I have been telling myself (and to the world) that I am enjoying a mini-retirement. It is not unlike the mini-retirements that Tim Ferriss advocates for in The 4 Hour Workweek. It is a change of tact from having described it a gap year or a career break. Reframing it as such has been such a blessing, and I have quickly become a staunch advocate for it.

A mini-retirement relieves you of any baggage associated with taking a gap year or having a career break. From my perspective, there are expectations if not stereotypes associated with framing time off work as a gap year or career break. The first thing is a mindset thing, many see it as an opportunity to fill in as much fun as possible before having to go back to the real world. This manifests commonly in travel or the prioritisation of recreation like nightlife and such. In short, it is a lifestyle that favours extremes.

Retirement is a legitimate reset point and connotes a sense of balance and moderation. Aside from being old, retirement traditionally marks an end to one’s working life and the start of a life lived fully – lived for ourselves and for others. In our working lives, a majority of our time is spent at work while even more time is spent thinking about work. The lives we led whilst in the education system also mirrors this. In a career break, the major pre-occupation is about how one can have as much fun. All of the burdens of societal expectation fall away with retirement, it is all about living in the present with the freedom to do almost anything.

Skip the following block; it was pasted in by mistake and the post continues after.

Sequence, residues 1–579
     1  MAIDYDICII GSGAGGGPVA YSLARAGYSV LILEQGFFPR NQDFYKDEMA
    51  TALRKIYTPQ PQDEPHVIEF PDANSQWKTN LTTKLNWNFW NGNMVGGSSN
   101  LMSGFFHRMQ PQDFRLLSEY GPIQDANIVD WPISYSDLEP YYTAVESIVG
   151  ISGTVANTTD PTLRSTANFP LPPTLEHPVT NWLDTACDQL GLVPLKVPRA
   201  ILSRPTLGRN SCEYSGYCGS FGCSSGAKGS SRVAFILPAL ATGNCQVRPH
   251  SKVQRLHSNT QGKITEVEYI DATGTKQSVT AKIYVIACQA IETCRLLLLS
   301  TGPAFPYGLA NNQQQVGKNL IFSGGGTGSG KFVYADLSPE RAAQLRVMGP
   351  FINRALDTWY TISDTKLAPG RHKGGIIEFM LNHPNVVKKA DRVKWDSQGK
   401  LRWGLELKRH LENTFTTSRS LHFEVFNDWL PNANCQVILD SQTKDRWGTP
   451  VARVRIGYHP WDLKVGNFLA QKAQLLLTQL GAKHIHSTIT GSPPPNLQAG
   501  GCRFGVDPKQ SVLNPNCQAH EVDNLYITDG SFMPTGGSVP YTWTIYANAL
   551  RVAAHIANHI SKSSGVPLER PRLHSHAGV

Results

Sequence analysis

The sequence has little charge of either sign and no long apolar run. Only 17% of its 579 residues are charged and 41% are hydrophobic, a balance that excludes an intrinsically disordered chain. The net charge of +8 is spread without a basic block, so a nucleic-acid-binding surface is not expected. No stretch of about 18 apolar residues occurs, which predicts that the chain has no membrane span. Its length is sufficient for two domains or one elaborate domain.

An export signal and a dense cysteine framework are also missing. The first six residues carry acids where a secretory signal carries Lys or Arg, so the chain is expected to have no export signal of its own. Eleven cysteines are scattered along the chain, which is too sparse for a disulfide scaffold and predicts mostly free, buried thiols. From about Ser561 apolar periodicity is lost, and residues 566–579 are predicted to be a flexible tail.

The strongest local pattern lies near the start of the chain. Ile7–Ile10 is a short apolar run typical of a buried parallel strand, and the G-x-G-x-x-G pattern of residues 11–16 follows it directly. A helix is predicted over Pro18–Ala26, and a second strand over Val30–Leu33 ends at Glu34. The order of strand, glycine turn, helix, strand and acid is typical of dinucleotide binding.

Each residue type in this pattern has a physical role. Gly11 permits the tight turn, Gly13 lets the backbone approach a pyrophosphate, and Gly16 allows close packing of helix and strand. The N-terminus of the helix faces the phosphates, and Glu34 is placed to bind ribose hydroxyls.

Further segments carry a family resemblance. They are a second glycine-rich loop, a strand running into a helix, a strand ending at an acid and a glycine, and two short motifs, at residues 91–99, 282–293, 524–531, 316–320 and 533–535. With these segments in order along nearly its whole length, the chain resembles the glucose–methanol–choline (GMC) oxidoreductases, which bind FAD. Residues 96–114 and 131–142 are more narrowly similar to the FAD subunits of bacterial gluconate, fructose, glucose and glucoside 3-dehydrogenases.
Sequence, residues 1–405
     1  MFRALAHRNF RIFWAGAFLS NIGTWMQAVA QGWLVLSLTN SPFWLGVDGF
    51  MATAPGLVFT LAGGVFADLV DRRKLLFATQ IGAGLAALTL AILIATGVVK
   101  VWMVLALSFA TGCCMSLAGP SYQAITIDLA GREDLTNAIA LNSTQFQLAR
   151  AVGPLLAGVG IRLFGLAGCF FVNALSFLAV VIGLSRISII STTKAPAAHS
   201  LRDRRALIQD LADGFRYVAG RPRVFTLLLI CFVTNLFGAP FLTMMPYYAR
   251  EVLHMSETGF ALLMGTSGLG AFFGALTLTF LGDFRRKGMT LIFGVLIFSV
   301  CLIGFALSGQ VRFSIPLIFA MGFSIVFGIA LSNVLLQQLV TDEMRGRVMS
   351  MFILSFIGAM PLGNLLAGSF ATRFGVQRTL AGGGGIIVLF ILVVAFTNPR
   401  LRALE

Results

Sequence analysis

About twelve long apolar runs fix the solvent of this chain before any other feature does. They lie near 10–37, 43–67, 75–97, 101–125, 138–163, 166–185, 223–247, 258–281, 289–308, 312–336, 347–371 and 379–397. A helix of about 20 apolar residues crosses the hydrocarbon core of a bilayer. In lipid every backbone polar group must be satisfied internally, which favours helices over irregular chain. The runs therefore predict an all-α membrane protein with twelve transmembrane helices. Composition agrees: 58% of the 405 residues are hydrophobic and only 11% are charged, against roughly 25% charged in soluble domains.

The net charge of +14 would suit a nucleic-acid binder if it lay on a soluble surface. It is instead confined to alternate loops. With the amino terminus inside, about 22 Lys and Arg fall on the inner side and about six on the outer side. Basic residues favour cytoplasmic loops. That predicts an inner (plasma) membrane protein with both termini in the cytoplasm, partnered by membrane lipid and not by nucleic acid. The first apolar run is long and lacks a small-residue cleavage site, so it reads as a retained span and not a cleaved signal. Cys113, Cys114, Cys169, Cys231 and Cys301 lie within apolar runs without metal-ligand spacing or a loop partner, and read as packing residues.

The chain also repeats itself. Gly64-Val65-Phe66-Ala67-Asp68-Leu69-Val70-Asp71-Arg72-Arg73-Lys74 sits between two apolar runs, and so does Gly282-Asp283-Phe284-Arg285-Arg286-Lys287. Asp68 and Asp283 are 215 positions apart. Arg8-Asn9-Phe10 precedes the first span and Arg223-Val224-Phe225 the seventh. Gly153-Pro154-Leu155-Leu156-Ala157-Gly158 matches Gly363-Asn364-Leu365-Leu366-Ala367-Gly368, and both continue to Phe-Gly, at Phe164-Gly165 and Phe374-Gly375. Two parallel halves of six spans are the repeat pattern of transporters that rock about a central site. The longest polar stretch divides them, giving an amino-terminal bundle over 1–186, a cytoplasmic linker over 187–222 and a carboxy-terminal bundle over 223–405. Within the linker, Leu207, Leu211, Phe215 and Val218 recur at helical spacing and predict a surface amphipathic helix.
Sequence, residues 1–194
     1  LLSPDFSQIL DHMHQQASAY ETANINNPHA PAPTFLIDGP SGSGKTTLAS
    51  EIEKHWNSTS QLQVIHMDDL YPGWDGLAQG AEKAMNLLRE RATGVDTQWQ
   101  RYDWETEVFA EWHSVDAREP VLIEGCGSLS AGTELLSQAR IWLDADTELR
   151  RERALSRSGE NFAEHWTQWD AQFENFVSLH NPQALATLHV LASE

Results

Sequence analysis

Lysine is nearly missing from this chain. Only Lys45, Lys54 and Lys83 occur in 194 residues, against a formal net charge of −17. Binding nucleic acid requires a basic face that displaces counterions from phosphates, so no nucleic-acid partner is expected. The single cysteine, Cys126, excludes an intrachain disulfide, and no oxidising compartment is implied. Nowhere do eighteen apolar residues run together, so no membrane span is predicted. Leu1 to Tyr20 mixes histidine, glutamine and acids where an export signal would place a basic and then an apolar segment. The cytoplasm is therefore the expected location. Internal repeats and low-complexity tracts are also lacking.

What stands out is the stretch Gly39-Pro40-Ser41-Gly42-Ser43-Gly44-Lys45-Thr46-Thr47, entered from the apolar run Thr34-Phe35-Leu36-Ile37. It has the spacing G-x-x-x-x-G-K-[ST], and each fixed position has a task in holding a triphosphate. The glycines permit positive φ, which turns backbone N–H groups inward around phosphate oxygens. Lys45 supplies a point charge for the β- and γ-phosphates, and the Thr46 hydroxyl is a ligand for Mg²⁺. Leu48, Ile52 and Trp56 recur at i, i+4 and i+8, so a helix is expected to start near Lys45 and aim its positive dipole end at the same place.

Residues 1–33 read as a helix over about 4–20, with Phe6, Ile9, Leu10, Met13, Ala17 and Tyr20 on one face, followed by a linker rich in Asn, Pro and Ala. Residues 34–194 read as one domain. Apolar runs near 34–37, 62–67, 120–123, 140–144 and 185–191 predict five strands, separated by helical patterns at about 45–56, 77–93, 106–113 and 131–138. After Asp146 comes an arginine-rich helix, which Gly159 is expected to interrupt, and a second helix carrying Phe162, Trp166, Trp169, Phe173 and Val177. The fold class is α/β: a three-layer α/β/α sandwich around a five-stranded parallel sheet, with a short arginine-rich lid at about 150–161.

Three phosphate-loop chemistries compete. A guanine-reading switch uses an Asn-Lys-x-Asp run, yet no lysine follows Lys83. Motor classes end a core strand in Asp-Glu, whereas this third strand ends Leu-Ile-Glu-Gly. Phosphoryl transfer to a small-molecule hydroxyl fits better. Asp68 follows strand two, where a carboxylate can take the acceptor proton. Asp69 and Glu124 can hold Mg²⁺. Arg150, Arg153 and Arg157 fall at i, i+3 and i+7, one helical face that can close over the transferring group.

This is the mindset that I have found intoxicating – one that is graciously allowed me to live what I describe as peak-life. Everyday, I find myself lucky to be able to journal, exercise, make and eat delicious food, write, read, learn, and connect with friends and family. All of this lived and looked forward to every single day, without any external pressures taking me away from the moment.

I will be the first to admit that it is a privilege to have the means and opportunity to commit to a mini-retirement or a career break. It goes against conventional wisdom and certainly does require a financial diligence to be able to make happen, but it is something I am grateful to have plunged myself in.


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